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Open scholarship

Open scholarship includes all forms of openness in the teaching and research environment. This guide outlines the practice at RMIT.

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What is open scholarship?

"Open Wires" by opensourceway is licensed under CC BY-SA 2.0.

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Open scholarship includes all forms of openness in the teaching and research environment. It enables free access to research outputs and educational resources outside paywalls and beyond the academy, 'changing how knowledge is created, preserved, and shared'.  By embracing open practices and frameworks, our researchers, teachers and students will join a world-wide movement of scholars with deep links into their communities.


Arthur, P. L., Hearn, L., Montgomery, L., Craig, H., Arbuckle, A., & Siemens, R. (2021). Open scholarship in Australia: A review of needs, barriers, and opportunities. Digital Scholarship in the Humanities, 36(4), 795-812. (author accepted manuscript)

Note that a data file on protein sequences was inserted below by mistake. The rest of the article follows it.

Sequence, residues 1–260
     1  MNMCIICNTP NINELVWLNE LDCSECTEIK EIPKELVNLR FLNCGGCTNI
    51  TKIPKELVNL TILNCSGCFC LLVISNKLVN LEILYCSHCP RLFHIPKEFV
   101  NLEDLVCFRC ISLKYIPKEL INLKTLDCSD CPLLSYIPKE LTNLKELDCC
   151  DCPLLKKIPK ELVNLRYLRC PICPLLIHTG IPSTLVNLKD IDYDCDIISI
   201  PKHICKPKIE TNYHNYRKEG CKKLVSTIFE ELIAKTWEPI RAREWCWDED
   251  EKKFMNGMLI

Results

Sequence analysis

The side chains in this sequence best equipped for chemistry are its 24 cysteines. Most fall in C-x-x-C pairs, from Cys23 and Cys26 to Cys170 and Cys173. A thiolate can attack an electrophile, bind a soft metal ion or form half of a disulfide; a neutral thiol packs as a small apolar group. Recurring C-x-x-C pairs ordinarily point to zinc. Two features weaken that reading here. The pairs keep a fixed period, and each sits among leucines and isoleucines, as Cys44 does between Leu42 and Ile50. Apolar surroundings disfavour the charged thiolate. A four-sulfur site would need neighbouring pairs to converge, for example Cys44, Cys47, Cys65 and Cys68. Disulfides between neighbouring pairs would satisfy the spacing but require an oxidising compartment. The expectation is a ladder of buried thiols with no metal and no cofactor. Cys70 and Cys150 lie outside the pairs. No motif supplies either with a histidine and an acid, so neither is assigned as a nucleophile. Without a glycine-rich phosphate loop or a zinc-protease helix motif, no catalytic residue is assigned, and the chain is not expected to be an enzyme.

The RMIT context

This infographic shows how concepts relating to teaching and research are supported by the tools of open access and open licensing.  Read on below about these relationships.


Infographic shows how concepts relating to teaching and research are supported by the tools of open access and open licensing

Image: Copyright © 2023 RMIT University

At RMIT, open scholarship encompasses both teaching and research.

Teaching - open educational practice

Research - open research

Open educational practice concepts include:

  • Open pedagogy
  • Open educational resources (OER)
  • OER-enabled pedagogy
  • Open courseware
  • Open content
  • Open textbooks

Open research concepts include:

  • Open science
  • Open humanities
  • Open peer review
  • Open source (code), software and data
  • Pre-registration
  • Digital humanities

In practice, two concepts support open scholarship: open access and open licensing.

Open access

Open licensing

When we say open access, we are asking:

  • Can others find it?
  • Does it cost anything?

Example practices include:

  • Open access publishing
  • Repositories
  • Preprint servers
  • Gold / green / hybrid journals
  • OER platforms
  • Institutional presses…etc.

When we talk about open licensing we are asking:

  • ​​​​​​​Can others reuse it?
  • ​​​​​​​Under what conditions?

​​​​​​​Example schemes include: